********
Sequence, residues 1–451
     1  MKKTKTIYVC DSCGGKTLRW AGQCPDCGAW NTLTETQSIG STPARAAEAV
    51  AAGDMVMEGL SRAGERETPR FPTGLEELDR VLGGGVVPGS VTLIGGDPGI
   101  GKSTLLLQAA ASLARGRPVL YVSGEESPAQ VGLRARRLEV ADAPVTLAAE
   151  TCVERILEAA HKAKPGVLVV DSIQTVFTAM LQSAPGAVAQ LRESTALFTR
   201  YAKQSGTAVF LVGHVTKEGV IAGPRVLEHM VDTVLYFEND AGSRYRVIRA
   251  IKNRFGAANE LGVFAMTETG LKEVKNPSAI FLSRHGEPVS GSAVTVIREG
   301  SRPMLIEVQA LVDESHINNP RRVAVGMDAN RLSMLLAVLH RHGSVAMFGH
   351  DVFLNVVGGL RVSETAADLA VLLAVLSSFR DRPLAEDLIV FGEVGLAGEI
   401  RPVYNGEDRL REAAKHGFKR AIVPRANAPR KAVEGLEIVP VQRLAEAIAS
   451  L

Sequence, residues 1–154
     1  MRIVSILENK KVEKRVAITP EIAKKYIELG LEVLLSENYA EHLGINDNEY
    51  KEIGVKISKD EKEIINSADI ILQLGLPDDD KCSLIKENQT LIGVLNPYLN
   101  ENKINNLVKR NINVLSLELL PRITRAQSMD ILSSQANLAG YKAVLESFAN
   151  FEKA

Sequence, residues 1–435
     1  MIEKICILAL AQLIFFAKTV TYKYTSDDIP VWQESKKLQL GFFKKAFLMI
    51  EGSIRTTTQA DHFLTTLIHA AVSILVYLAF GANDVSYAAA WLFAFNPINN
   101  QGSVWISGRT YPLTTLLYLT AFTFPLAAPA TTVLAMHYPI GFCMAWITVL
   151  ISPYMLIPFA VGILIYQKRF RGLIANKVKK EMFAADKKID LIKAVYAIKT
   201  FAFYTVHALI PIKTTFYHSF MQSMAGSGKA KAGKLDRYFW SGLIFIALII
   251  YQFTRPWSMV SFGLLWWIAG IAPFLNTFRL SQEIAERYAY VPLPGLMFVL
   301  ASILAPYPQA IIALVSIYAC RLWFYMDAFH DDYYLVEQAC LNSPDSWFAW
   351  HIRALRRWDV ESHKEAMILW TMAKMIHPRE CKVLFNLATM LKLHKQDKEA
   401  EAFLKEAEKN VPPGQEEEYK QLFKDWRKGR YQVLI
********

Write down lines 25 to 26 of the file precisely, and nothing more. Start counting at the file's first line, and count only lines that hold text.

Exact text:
   351  HIRALRRWDV ESHKEAMILW TMAKMIHPRE CKVLFNLATM LKLHKQDKEA
   401  EAFLKEAEKN VPPGQEEEYK QLFKDWRKGR YQVLI